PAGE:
Capital Gains: Musings On Mark Zuckerberg's Human Capital Hiring Rule Of Thumb I believe that Zuckerberg is on to something when it comes to figuring out the best people to hire, and how one should interact with them once they come onboard.

By Aby Sam Thomas

You're reading Entrepreneur Middle East, an international franchise of Entrepreneur Media.

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I've lost count of the number of times we at Entrepreneur Middle East have featured content explaining why you, as an entrepreneur, should have the best of people working alongside you as you build up a business. Of course, this is easier said than done- great hires often ask for great packages, and startups don't usually have the budgets to spare for this. But lately, I've noticed a few situations where entrepreneurs, after they've somehow managed to secure the right people on board their enterprises, then go on to lose these individuals, as they find themselves unable to work well with each other.

More often than not, the reason for such rifts can be drawn down to what is, quite simply, a clash of egos between the entrepreneur and the employee. While it's a nice thing to say that you want to recruit people "better than you" in your organization, this means that you need to let them take the lead (and thus excel) in whatever they were hired to do- and insecure leaders with overtly inflated senses of self might find this hard to manage. However, getting past your ego is absolutely critical to getting your venture ahead- rest assured that if you clip the wings of the people in your enterprise, then your business is certainly not going to take flight, no matter how much you may try on your own.

Facebook CEO Mark Zuckerberg touched upon this topic in an episode of Masters of Scale, a podcast hosted by LinkedIn co-founder Reid Hoffman, where he talked about his hiring of Facebook COO Sheryl Sandberg, whom he acknowledges as having strengths that he himself doesn't possess- but that's not something that bothers him. "When I look at my friends who were running other good companies, the single biggest difference that I see in whether the companies end up becoming really great and reaching their potential, or just pretty good, is whether they're comfortable and really self-confident enough to have people who are stronger than them around them," Zuckerberg declares.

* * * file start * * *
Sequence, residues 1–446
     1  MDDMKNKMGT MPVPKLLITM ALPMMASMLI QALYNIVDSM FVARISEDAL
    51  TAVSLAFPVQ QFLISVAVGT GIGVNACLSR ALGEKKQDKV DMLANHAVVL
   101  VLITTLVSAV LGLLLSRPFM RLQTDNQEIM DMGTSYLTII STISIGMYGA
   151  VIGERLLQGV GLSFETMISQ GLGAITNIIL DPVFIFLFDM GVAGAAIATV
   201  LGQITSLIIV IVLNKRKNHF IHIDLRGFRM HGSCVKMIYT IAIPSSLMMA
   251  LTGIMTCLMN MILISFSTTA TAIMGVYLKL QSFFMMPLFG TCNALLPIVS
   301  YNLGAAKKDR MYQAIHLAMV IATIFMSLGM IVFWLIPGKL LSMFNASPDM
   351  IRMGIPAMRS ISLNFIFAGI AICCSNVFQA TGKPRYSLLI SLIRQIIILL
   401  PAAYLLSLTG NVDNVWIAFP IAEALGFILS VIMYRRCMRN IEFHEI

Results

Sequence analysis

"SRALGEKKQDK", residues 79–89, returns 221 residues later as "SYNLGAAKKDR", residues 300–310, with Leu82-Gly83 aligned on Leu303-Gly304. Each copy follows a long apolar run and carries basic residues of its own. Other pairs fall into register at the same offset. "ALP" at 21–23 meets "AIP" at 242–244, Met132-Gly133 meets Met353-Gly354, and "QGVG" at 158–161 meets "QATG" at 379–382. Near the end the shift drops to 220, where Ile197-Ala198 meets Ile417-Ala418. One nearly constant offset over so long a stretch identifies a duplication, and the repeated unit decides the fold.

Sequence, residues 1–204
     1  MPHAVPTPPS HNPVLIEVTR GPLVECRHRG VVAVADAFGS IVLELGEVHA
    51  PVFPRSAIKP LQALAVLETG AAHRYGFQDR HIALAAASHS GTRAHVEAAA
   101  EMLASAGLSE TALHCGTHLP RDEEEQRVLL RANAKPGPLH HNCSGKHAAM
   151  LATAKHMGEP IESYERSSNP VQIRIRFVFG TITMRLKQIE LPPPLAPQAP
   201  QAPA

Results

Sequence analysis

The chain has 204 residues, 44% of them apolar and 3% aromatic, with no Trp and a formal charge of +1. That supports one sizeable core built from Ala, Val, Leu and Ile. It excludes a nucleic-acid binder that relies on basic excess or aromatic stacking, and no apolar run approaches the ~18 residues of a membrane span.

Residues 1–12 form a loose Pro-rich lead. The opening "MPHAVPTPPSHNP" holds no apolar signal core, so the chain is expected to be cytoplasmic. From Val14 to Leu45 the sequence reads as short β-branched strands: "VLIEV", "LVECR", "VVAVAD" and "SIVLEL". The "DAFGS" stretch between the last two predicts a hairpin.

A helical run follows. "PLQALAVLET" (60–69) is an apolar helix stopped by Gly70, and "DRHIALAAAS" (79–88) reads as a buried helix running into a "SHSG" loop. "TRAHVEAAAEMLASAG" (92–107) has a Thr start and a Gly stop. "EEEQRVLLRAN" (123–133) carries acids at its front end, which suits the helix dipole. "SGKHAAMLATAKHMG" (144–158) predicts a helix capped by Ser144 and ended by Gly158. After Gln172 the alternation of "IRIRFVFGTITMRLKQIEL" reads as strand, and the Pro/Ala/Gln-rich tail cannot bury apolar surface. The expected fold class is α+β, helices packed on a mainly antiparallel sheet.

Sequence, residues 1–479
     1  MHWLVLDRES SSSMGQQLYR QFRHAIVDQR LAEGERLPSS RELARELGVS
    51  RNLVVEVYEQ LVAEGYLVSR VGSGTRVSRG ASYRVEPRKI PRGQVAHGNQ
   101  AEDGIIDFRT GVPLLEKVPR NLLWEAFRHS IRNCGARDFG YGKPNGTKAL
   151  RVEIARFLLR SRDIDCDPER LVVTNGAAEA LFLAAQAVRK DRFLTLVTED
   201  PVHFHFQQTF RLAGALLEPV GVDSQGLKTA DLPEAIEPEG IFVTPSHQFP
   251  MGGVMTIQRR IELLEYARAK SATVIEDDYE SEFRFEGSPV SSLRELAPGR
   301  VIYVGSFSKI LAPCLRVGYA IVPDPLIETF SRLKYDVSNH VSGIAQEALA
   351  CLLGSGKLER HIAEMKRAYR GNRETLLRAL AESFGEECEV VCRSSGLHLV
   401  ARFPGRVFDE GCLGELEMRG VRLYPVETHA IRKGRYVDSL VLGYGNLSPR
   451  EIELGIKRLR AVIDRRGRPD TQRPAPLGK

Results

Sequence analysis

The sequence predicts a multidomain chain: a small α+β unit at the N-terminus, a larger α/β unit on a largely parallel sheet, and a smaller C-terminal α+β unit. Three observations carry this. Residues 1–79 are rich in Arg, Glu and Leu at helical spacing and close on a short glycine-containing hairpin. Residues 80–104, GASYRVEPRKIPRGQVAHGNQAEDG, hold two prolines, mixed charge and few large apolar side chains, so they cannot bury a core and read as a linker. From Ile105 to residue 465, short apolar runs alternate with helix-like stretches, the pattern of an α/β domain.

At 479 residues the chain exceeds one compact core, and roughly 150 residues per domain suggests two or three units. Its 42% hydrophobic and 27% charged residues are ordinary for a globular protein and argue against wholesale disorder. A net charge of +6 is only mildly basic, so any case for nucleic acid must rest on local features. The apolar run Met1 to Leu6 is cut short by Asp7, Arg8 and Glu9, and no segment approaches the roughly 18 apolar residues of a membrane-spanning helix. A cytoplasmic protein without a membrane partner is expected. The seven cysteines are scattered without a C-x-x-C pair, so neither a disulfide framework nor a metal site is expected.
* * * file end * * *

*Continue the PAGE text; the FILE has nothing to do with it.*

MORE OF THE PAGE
"I've adopted this hiring rule, which is that you should never hire someone to work for you unless you would work for them in an alternate universe. Which doesn't mean that you should give them your job; but just if the tables were turned and you were looking for a job, would you be comfortable working for this person? I basically think that if the answer to that is "no,' then you're doing something expedient by hiring them, but you're not doing as well as you can on that. There are all these things that Sheryl, for example, is just much stronger than me at, and that makes me better, and makes Facebook better. And I am not afraid or threatened by that- I value that. That's what makes Facebook good."

Now, given recent developments, while there's a whole other discussion to be had on whether Facebook is "good," I do believe that Zuckerberg is on to something when it comes to figuring out the best people to hire, and how one should interact with them once they come onboard. It's a lesson all leaders need to take to heart, especially when it comes to their executive teams- and it can surely help push your businesses up the ladder of success as well.

Related: Agility Needs To Be Seen In Everyone At An Enterprise (And Not Just In The People Running It)

Aby Sam Thomas

Entrepreneur Staff

Editor in Chief, Entrepreneur Middle East

Aby Sam Thomas is the Editor in Chief of Entrepreneur Middle East. In this role, Aby is responsible for leading the publication on its editorial front, while also working to build the brand and grow its presence across the MENA region through the development and execution of events and other programming, as well as through representation in conferences, media, etc.

Aby has been working in journalism since 2011, prior to which he was an analyst programmer with Accenture, where he worked with J. P. Morgan Chase's investment banking arm at offices in Mumbai, London, and New York. He holds a Master's Degree in Journalism from the Columbia University Graduate School of Journalism in New York.  

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